Forum for Science, Industry and Business

Sponsored by:     3M 
Search our Site:

 

Flu data goes public

23.07.2007
Gripenet & Griepmeting provide the scientific community with open access to a season’s online monitoring

Statistical data of more than 400,000 questionnaires on flu incidence has been made available this week on www.gripenet.pt and www.griepmeting.nl.

These data were obtained between November 2006 and May 2007 by the GroteGriepMeting Project in the Netherlands and Belgium and the Gripenet Project in Portugal, a seasonal online surveillance system that monitors influenza-like illness (ILI) activity in these countries. Approximately 20.000 Dutch, 7.000 Dutch-speaking Belgian and 4.200 Portuguese citizens participated in this project. Another 1,000,000 questionnaires of past flu seasons for the Netherlands and Belgium (since 2003) are also available at www.griepmeting.nl.

The data base currently being made available is to be used by scientists and interested researchers in their respective projects, with the intent of stimulating data sharing among research groups. This data allows, for example, the simulation of epidemic and pandemic scenarios.

Starting with the next influenza season, which will be launched in October 2007, it will also be possible to perform online queries with cross-tabulation of data, resulting in automatic, real-time visualization of various variables of interest. This means that, while a seasonal epidemic is ongoing, it will be possible to not only observe how the spread of ILI activity progresses within a country and across countries, but also who is being affected most (for example men or women, children, young adults or elders, etc.), the percentage of those who are on sick-leave and even the average recovery time, among other things.

Vítor Faustino | alfa
Further information:
http://www.griepmeting.nl
http://www.gripenet.pt

More articles from Information Technology:

nachricht Magnetic fields provide a new way to communicate wirelessly
01.09.2015 | University of California - San Diego

nachricht 'Magic' sphere for information transfer
24.08.2015 | Lomonosov Moscow State University

All articles from Information Technology >>>

The most recent press releases about innovation >>>

Die letzten 5 Focus-News des innovations-reports im Überblick:

Im Focus: How wind sculpted Earth's largest dust deposit

China's Loess Plateau was formed by wind alternately depositing dust or removing dust over the last 2.6 million years, according to a new report from University of Arizona geoscientists. The study is the first to explain how the steep-fronted plateau formed.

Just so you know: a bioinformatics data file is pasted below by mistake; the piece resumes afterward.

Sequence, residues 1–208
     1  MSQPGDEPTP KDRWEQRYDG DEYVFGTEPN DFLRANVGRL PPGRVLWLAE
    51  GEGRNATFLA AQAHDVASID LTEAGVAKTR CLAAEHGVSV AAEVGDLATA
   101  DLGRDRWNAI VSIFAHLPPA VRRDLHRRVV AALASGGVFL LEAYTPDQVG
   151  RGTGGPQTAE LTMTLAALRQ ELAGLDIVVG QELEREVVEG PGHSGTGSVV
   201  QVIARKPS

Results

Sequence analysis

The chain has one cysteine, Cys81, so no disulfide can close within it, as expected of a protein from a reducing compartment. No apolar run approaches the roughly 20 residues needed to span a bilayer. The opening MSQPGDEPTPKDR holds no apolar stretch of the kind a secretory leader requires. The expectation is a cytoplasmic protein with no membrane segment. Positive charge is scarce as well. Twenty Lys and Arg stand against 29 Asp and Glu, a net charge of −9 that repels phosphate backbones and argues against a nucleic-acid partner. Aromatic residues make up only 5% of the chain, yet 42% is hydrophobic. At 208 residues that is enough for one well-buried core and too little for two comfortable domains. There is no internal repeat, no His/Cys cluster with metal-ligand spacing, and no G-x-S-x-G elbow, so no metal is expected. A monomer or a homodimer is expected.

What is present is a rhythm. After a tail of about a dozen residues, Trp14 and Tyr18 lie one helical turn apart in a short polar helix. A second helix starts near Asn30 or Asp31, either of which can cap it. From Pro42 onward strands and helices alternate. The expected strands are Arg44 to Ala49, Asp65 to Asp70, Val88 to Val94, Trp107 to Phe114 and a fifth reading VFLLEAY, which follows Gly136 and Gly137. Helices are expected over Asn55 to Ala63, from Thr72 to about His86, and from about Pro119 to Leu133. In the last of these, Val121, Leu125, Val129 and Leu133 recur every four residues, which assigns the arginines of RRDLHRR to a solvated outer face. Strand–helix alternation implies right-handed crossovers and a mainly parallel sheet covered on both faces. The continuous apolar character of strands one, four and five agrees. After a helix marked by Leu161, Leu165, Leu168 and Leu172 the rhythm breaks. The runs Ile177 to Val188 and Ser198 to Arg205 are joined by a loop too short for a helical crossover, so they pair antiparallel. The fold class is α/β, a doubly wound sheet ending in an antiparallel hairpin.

China's Loess Plateau was formed by wind alternately depositing dust or removing dust over the last 2.6 million years, according to a new report from...

Im Focus: An engineered surface unsticks sticky water droplets

The leaves of the lotus flower, and other natural surfaces that repel water and dirt, have been the model for many types of engineered liquid-repelling surfaces. As slippery as these surfaces are, however, tiny water droplets still stick to them. Now, Penn State researchers have developed nano/micro-textured, highly slippery surfaces able to outperform these naturally inspired coatings, particularly when the water is a vapor or tiny droplets.

Enhancing the mobility of liquid droplets on rough surfaces could improve condensation heat transfer for power-plant heat exchangers, create more efficient...

Im Focus: Increasingly severe disturbances weaken world's temperate forests

Longer, more severe, and hotter droughts and a myriad of other threats, including diseases and more extensive and severe wildfires, are threatening to transform some of the world's temperate forests, a new study published in Science has found. Without informed management, some forests could convert to shrublands or grasslands within the coming decades.

"While we have been trying to manage for resilience of 20th century conditions, we realize now that we must prepare for transformations and attempt to ease...

Im Focus: OU astrophysicist and collaborators find supermassive black holes in quasar nearest Earth

A University of Oklahoma astrophysicist and his Chinese collaborator have found two supermassive black holes in Markarian 231, the nearest quasar to Earth, using observations from NASA's Hubble Space Telescope.

The discovery of two supermassive black holes--one larger one and a second, smaller one--are evidence of a binary black hole and suggests that supermassive...

Im Focus: What would a tsunami in the Mediterranean look like?

A team of European researchers have developed a model to simulate the impact of tsunamis generated by earthquakes and applied it to the Eastern Mediterranean. The results show how tsunami waves could hit and inundate coastal areas in southern Italy and Greece. The study is published today (27 August) in Ocean Science, an open access journal of the European Geosciences Union (EGU).

Though not as frequent as in the Pacific and Indian oceans, tsunamis also occur in the Mediterranean, mainly due to earthquakes generated when the African...

All Focus news of the innovation-report >>>

Anzeige

Anzeige

Event News

Networking conference in Heidelberg for outstanding mathematicians and computer scientists

20.08.2015 | Event News

Scientists meet in Münster for the world’s largest Chitin und Chitosan Conference

20.08.2015 | Event News

Large agribusiness management strategies

19.08.2015 | Event News

 
Latest News

Tiny Drops of Early Universe 'Perfect' Fluid

02.09.2015 | Physics and Astronomy

Learning from Nature: Genomic database standard alleviates search for novel antibiotics

02.09.2015 | Life Sciences

International research project gets high level of funding

02.09.2015 | Awards Funding

VideoLinks
B2B-VideoLinks
More VideoLinks >>>